Cupid brought Psyche back to life and the gods, moved by their love, granted Pysche immortality. Cupid thus represents the heart and Psyche the (struggles of the) human soul.
Fun Facts

Approximately 1 billion Valentine’s Day cards are sent each year. Half of those are sent through Care2 (OK, maybe not HALF… or even half of half… but we are growing fast!)
In order of popularity, Valentine’s Day cards are given to: teachers, children, mothers, wives, sweethearts, Koko the gorilla.
The expression “wearing your heart on your sleeve” comes from a Valentine’s Day party tradition. Young women would write their names on slips of paper to be drawn by young men. A man would then wear a woman’s name on his sleeve to claim her as his valentine.

Happy Valentine’s Day!

Special Holiday Moments with Granduca's Staff

Special Holiday Moments with Granduca’s Staff

December 24, 2012  |  Holidays  |  No Comments

Granduca’s wonderful and international staff spent a few moments sharing how they celebrate the holidays and their special family traditions. We would love to hear how you celebrate the Holidays with your families. Please share in the comments box at the bottom of the page. Happy Holidays!

Every day in December is so exciting. I wish it could be Dec. 1st through the 15th the entire month. Christmas Eve is my favorite time. It is so calm and peaceful. Everything is done, and if it is not done, it’s not going to be done. As a child my family would put up the handmade ceramic nativity early in December; each Christmas Eve after dinner and midnight mass we took turns placing the baby Jesus at the nativity. It is the simple things that matter most at the holidays; a cup of tea shared with a good friend remains a cherished memory.

– Mary Grace Gray, General Manager

After work is my children’s time and during most of the year its filled with football practice, swimming, etc. but through the holidays they decide how they want to spend this time together with me. It is our tradition to open a gift on Christmas Eve and cook soul food listening to my favorite childhood holiday songs. Christmas and Thanksgiving are my favorite times of the year as I think of my childhood growing up in Chicago.

– Nakia Holmes, Executive Assistant

My mom’s family is from Louisiana so we have Gumbo on Christmas Eve. I love all the lights and pretty stuff.”

–Heather Hickman, Sales Manager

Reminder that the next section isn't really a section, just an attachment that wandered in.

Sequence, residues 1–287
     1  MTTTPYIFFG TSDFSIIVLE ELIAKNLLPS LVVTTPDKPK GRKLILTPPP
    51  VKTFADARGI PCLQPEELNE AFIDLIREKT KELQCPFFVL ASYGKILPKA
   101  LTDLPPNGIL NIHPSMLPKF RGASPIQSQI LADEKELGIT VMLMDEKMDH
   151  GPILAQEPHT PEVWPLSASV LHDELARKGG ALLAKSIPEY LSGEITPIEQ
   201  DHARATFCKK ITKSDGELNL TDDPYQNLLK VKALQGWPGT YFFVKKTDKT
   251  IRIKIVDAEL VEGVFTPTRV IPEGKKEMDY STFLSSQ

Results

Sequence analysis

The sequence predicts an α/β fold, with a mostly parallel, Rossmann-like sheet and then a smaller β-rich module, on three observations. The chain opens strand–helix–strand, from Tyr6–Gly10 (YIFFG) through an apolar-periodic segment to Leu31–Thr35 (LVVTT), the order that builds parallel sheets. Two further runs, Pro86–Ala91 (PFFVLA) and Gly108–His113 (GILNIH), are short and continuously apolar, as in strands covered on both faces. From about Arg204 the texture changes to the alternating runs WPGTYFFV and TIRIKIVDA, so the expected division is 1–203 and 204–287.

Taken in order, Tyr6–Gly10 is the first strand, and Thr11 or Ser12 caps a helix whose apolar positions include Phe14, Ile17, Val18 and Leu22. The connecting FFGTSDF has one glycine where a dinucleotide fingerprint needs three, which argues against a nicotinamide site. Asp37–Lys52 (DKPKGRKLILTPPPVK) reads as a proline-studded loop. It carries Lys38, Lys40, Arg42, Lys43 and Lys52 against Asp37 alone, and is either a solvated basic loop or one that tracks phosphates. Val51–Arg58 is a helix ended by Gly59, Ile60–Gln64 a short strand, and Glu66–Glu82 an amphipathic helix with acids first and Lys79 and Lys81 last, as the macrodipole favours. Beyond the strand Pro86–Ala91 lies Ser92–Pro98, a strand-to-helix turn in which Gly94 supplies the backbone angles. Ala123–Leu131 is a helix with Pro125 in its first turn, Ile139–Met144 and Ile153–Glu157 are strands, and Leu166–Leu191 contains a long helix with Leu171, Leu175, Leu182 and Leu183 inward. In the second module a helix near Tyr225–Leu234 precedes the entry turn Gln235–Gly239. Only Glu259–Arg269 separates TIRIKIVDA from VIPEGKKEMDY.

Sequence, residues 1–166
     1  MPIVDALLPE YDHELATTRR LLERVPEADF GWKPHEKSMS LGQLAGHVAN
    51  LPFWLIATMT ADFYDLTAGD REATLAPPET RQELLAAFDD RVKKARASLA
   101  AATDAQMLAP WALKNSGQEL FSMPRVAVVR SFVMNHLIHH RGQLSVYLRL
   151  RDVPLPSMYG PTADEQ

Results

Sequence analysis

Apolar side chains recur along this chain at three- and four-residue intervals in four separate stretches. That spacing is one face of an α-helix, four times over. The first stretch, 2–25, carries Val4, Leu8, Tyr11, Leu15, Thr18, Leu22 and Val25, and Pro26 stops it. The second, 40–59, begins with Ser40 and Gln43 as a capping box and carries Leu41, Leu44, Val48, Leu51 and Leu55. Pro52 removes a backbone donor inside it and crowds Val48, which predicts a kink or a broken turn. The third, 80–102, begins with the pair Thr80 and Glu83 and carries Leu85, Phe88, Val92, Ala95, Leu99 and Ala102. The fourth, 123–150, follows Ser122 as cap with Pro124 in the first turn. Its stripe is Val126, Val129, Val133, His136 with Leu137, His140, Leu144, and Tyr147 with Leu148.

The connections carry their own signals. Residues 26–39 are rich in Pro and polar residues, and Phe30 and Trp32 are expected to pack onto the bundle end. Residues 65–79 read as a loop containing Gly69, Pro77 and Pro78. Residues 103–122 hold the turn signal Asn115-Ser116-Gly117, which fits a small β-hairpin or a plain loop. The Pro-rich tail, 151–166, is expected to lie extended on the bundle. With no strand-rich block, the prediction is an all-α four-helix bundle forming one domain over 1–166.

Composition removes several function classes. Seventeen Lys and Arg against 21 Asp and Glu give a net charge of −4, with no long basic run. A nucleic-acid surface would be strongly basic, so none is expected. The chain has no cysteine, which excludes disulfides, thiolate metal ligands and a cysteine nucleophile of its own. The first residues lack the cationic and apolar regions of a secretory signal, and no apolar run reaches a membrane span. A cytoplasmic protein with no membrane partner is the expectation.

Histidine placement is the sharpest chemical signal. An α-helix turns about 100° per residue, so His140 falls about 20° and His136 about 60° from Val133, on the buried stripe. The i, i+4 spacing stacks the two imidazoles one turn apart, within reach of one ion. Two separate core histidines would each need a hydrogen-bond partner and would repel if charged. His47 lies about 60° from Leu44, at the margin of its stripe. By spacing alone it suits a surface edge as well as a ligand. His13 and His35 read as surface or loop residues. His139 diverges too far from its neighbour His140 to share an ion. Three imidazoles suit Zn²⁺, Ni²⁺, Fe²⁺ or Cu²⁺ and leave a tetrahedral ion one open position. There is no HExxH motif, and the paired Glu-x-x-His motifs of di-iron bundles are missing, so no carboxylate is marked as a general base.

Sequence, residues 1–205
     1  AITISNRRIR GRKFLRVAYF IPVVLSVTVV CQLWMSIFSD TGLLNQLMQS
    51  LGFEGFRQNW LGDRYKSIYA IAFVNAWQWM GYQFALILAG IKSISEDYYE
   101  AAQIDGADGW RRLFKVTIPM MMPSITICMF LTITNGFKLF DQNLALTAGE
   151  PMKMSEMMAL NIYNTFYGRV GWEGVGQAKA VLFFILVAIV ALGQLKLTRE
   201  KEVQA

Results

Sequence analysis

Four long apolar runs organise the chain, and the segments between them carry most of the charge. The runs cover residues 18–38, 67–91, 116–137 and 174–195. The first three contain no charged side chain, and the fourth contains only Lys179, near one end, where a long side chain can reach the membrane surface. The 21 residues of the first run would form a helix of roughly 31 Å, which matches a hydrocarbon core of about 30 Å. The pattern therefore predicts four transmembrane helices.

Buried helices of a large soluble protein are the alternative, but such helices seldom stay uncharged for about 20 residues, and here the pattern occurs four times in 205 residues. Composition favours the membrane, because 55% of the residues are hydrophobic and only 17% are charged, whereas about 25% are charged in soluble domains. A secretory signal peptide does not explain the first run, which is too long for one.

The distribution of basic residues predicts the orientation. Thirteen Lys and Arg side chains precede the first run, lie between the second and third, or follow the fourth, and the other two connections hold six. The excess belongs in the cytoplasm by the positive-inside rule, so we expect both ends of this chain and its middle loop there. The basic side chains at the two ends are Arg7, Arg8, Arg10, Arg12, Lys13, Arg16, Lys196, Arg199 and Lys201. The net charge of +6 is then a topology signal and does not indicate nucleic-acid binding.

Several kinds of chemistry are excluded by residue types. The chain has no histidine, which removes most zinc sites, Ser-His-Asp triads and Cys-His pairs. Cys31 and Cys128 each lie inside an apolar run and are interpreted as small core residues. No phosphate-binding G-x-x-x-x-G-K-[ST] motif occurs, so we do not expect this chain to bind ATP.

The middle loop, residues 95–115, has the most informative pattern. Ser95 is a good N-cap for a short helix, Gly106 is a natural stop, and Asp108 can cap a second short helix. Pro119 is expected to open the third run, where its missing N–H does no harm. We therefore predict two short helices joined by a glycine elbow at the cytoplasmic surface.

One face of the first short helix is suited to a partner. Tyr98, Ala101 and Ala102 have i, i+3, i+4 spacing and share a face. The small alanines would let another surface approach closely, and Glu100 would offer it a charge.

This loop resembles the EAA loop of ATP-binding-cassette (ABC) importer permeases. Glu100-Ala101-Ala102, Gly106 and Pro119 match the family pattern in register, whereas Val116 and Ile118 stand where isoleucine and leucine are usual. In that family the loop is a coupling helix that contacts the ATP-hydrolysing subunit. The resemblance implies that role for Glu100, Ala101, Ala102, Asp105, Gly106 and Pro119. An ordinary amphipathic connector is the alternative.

My kids are my world. My boys are 9 and 10 years old. They know I work long hours, but the most important thing for me is to give them a kiss when I come home. Love from my kids is the most important thing to me. We celebrate 2 Christmases with our Ethiopian holidays with dorowet. Dorowet is traditionally very spicy and perhaps the best known food from Ethiopia. It’s often referred to as the country’s national dish.”

– Fekade Wolde, Director of Food & Beverage

Christmas Eve is my baby boy’s birthday so I cook chicken and Korean bbq for him. My baby boy is actually my dog Yanni, who is a Maltese.”

– Grace Kim, Human Resources Manager

“On Christmas Day we prepare lots of food. I learned from my Mom in China that from Christmas until New Year’s no one works, we just enjoy our time. We cook Peking duck, chicken, spring rolls – enough food for twenty people when there are only four of us. We also follow the Asian calendar.”

– Jeremie Heng, Maitre D’, Bar and Wine Manager

“I have two kids that are adopted from Russia. Christmas morning is extra special to watch them run down to see what Santa brought them.”

– Jane Whatley, Executive Assistant to Mr. Borlenghi

“I leave my Charlie Brown Christmas tree all year long. It’s Christmas all year at my house as the person who gave it to me is very special.”

– Ray Guyton, Director of Sales & Marketing

“A good feeling black and white movie. A roasted chicken with chestnuts, nice selection of cheese and wine of course…and end it all with a buche de Noel or “Christmas log”.

– Christine Bayol, Director of Operations

“My family is all back in Italy. I still decorate my house and go buy my Panettone and all the typical Italian Christmas desserts. My nativity set is important to me. As a child our nativity set was huge. We would build mountains out of cardboard and use fresh moss. On Christmas Day we would put the baby Jesus in its place. Then after Christmas we would start to move the three kings closer to the nativity every day.”

–Renato de Pirro, Executive Chef